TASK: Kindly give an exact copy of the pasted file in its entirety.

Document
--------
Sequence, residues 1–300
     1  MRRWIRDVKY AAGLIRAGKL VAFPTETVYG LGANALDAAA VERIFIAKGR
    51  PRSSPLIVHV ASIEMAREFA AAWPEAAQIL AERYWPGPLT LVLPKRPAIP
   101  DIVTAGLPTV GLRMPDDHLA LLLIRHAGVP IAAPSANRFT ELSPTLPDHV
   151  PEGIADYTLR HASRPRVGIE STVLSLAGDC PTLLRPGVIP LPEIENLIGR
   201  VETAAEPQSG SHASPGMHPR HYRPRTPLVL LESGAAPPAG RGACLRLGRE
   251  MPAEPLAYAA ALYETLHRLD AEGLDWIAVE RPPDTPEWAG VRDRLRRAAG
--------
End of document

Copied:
Sequence, residues 1–300
     1  MRRWIRDVKY AAGLIRAGKL VAFPTETVYG LGANALDAAA VERIFIAKGR
    51  PRSSPLIVHV ASIEMAREFA AAWPEAAQIL AERYWPGPLT LVLPKRPAIP
   101  DIVTAGLPTV GLRMPDDHLA LLLIRHAGVP IAAPSANRFT ELSPTLPDHV
   151  PEGIADYTLR HASRPRVGIE STVLSLAGDC PTLLRPGVIP LPEIENLIGR
   201  VETAAEPQSG SHASPGMHPR HYRPRTPLVL LESGAAPPAG RGACLRLGRE
   251  MPAEPLAYAA ALYETLHRLD AEGLDWIAVE RPPDTPEWAG VRDRLRRAAG